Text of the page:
The Antiquities Authority: the number of the site in the inventory survey of the Antiquities Authority.
2. The Environmental Context
The plan of the site: plan of the built archaeological find, as it appears in the various publications about the site. In the absence of a plan, a photograph of a special find at the site will suffice.
Photographs: general view, environmental context, construction technology.
Aerial photograph: the precise location of the site is to be designated on an aerial photograph.
Street/Address: the street next to the site.
Kind of remains: concise description of the kind of remains, for example: remains of a building, church, monastery, burial cave, water cistern.
Environmental context: classification of the assemblage of sites into four environmental contexts. Each site is defined according to one of the following definitions:
A. Sites where the finds are inside a covered structure.
B. Sites where the finds are inside a closed compound, in a private area or area operated as a tourist site.
C. Sites located in open areas in midst of the urban fabric.
D. Sites located on the fringes of the urban fabric.
E. Sites in an open area and sites of traditional agricultural.
Relation of the site to its surroundings: description of the current physical and visual connection between the site and its surroundings. Does the site fit in well with the development of the nearby surroundings or is it ‘detached’ from them and constitutes a kind of neglected ‘void’ in the urban fabric?
Accessibility: the datum relates to an evaluation of whether the average person can reach the site on his own and also whether the site is accessible to vehicles. The hours/days of the week when the site is open for visits should also be noted.
Purpose of the place: the intended purpose of the site, for example: ‘open archaeological site’, ‘active church’, an exhibit for the public inside a building’.
Ownership: designating the ownership of the land: State of Israel, private.
Operator: Nature and Parks Authority, Ministry of Religious Affairs, church institutions.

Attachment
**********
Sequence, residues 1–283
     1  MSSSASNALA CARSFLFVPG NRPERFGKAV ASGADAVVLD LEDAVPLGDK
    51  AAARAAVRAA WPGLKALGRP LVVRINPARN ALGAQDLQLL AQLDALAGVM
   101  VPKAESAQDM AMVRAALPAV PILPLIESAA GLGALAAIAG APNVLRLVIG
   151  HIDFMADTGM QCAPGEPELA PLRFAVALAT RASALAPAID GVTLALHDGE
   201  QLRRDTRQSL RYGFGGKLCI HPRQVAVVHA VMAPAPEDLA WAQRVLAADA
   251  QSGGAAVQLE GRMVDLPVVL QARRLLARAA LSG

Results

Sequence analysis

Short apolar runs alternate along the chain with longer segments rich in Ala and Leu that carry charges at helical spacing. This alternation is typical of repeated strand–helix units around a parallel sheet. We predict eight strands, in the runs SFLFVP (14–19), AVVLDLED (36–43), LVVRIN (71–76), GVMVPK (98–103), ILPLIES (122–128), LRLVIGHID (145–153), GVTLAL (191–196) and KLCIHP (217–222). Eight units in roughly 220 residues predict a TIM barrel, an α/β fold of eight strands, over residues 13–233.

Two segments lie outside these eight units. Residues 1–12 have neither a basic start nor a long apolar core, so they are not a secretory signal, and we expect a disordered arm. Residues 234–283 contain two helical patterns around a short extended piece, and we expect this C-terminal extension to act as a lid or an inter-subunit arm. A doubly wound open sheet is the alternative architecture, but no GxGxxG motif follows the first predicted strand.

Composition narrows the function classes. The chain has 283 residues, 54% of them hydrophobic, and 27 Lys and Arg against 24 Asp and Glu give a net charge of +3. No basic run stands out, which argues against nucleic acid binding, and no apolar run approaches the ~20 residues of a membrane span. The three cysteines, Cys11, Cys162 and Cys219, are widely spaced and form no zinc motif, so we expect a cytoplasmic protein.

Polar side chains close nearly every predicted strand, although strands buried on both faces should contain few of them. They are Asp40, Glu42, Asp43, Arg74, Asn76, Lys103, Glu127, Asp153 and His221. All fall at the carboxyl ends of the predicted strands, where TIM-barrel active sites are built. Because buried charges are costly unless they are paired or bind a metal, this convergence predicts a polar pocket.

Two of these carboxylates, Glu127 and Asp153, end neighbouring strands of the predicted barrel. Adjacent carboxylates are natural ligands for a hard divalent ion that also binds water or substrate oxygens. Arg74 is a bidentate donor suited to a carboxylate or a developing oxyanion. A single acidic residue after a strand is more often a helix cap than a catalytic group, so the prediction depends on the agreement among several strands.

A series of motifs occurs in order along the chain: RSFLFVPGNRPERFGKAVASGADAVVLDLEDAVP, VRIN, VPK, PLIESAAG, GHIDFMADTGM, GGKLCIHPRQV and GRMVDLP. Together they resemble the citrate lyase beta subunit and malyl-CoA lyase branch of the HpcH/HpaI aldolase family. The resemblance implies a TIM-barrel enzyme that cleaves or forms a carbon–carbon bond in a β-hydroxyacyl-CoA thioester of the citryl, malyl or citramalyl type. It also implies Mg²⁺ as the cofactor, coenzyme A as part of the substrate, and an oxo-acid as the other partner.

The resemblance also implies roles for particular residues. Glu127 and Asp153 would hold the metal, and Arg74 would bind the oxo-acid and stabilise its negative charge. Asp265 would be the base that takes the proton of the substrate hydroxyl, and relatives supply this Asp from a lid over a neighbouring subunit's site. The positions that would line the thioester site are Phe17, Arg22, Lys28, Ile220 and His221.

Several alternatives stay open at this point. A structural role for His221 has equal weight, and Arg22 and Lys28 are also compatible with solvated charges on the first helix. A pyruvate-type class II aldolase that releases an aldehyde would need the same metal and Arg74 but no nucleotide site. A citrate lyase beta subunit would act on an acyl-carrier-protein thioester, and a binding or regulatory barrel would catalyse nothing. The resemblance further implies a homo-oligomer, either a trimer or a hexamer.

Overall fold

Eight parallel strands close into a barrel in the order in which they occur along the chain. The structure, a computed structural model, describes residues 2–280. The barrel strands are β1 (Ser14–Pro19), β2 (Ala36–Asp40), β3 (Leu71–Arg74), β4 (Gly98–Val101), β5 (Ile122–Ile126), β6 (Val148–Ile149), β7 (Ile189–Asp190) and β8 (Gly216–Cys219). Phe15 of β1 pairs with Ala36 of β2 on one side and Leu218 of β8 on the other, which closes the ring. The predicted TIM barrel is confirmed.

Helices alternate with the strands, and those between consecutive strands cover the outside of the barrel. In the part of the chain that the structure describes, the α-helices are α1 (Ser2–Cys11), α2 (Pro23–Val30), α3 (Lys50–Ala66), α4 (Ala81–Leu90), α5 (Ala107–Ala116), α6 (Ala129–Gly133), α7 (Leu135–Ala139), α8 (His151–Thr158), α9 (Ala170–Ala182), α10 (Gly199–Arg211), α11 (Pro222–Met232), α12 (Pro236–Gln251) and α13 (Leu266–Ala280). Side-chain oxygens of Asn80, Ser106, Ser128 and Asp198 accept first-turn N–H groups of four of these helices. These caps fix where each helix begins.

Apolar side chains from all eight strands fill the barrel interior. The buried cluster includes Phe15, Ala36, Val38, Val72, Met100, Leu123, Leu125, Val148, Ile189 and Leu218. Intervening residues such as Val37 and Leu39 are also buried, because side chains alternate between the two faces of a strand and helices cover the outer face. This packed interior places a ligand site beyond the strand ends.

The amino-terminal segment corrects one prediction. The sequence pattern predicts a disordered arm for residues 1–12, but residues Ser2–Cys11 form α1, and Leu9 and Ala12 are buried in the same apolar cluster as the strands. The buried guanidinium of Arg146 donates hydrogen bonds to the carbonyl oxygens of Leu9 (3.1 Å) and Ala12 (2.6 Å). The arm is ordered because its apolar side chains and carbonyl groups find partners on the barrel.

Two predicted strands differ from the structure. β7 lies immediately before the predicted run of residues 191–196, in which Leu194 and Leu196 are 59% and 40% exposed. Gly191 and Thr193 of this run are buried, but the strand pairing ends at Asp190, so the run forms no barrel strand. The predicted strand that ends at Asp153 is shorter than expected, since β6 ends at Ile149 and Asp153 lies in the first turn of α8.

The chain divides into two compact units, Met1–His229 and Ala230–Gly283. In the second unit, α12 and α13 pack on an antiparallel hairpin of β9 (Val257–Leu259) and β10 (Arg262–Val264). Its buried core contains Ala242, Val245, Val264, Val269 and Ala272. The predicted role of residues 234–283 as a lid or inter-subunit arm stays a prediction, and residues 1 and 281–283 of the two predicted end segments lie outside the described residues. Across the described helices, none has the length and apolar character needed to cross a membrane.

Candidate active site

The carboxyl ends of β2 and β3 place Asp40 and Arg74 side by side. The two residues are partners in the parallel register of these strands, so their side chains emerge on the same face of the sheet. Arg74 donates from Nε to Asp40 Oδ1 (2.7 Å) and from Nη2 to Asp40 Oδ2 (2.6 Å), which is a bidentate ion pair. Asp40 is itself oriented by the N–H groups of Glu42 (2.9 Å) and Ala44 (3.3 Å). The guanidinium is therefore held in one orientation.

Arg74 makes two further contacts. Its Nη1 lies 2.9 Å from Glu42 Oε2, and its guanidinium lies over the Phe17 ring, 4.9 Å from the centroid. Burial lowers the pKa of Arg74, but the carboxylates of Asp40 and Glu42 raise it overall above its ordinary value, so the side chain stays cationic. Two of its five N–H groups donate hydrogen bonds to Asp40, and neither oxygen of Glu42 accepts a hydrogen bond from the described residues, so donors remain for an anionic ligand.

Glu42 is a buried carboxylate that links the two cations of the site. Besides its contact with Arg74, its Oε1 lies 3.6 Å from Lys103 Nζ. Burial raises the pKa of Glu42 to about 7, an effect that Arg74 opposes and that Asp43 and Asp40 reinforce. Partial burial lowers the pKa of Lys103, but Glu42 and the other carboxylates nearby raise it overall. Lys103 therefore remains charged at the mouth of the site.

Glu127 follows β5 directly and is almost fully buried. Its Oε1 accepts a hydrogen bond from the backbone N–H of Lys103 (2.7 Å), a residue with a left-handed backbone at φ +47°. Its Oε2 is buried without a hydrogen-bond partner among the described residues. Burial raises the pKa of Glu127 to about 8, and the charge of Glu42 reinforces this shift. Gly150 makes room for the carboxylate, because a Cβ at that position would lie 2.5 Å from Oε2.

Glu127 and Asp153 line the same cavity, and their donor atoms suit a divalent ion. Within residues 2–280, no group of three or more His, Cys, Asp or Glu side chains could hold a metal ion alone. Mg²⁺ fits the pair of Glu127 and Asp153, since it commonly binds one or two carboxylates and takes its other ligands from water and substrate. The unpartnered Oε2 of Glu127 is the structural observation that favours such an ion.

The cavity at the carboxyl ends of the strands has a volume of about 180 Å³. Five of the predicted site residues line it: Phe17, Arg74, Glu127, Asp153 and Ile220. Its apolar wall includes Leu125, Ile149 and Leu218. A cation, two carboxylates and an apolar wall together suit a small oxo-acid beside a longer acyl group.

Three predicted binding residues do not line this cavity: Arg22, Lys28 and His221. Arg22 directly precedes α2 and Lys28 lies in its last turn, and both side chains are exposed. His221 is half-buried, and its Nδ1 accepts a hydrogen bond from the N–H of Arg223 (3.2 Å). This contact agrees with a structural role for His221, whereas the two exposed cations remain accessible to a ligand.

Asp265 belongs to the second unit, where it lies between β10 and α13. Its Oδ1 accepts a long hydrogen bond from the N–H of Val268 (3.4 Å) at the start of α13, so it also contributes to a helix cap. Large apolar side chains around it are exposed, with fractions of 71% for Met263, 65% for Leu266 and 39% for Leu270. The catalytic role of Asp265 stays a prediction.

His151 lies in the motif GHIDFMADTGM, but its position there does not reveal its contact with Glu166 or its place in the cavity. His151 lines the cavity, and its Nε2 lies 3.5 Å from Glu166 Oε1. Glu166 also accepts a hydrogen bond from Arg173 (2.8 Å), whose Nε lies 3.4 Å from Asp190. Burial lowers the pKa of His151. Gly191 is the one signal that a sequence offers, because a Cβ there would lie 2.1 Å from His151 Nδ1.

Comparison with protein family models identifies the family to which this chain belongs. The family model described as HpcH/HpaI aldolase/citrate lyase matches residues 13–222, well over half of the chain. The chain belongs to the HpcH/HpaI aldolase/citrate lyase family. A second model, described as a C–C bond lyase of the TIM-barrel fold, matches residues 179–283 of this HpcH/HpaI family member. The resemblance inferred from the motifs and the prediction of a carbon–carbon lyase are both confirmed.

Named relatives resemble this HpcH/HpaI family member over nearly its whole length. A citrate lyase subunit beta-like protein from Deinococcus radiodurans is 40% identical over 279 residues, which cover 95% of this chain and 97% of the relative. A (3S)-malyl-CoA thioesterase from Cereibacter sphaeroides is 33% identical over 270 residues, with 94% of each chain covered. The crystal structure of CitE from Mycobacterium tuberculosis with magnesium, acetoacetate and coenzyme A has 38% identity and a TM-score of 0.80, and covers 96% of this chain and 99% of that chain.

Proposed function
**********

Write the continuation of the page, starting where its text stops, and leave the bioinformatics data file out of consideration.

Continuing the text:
Day use: describe the current use of the area.
Size: describe the size of the site and its area in dunams.
Visibility: how much of the site can be seen from its nearby or far off surroundings and the opposite; how much and how far one can see of the surroundings from the site itself.
Location (designated on a map): a graphic notation of the site’s location on a map of the nearby surroundings.
Description of the built finds: a detailed description of the built finds that were exposed at the site. The description is taken or condensed from different publications: various scientific journals; surveys, scientific excavations, administration and Mandatory files.
3. Archaeology and Conservation
Excavations: names of the archaeologists who excavated at the site according to the chronological order of the excavations.
Periods: note the periods that were identified at the site.
Height of the preservation: the ratio between the parts of the building that survived and were exposed, and the presumed size of the entire building (in the past). This section does not relate to the physical state of preservation of the building, such as the stability of the walls and the state of the plaster.
Special finds: relates to the unusual built elements and also to ‘small’ finds.
Potential for future excavations: an evaluation regarding the potential for future archaeological excavation. Different factors were taken into account such as the extent of the excavations that were already performed, the importance of the site from a scientific standpoint, political/environmental restrictions, ownership and new construction. A mark of 1 indicates very low potential and a mark of 5 indicates very high potential.
State of preservation: this section includes: a general evaluation of the state of preservation of the site at the time it was visited.
A description of the conservation work that was performed in the past by the Antiquities Authority or other entity.
As much detail as possible of the conservation measures that are required at the site: stabilization, rehabilitation, development.
Technologies: description of the building materials and other elements: mosaics, frescos, drainage systems.
Additional information: information related to later history and other matters that are not archaeological.
1. The analysis and processing of the data that were gathered into conclusions and recommendations for the conservation and development of the site.
2. An evaluation of the site according to the value and physical/environmental criteria. An evaluation was provided regarding the feasibility of tourism to the site: the kind of tourism (national, urban, neighborhood) and the scope and level of feasibility (very high, high, medium, low, very low). A general evaluation and recommendations for the different measures that should be and need to be performed at the site.
The relation between the site and adjacent sites: the periodic relation (e.g. a complex of Byzantine sites), functional relation (e.g. burial caves) and visual relation (sites that are visible from each other), in order to plan the development of a group of sites and also for the purpose of topical tourism.
Sources: The bibliography of different publications of the site.
The survey was published as an appendix to the Jerusalem Local Master Plan 2000 (Report No. 4) and is available in Hebrew to the public at the IAA internet site: http://www.antiquities.org.il/InfoArchiologyList.asp
To view the figures, click on the figure caption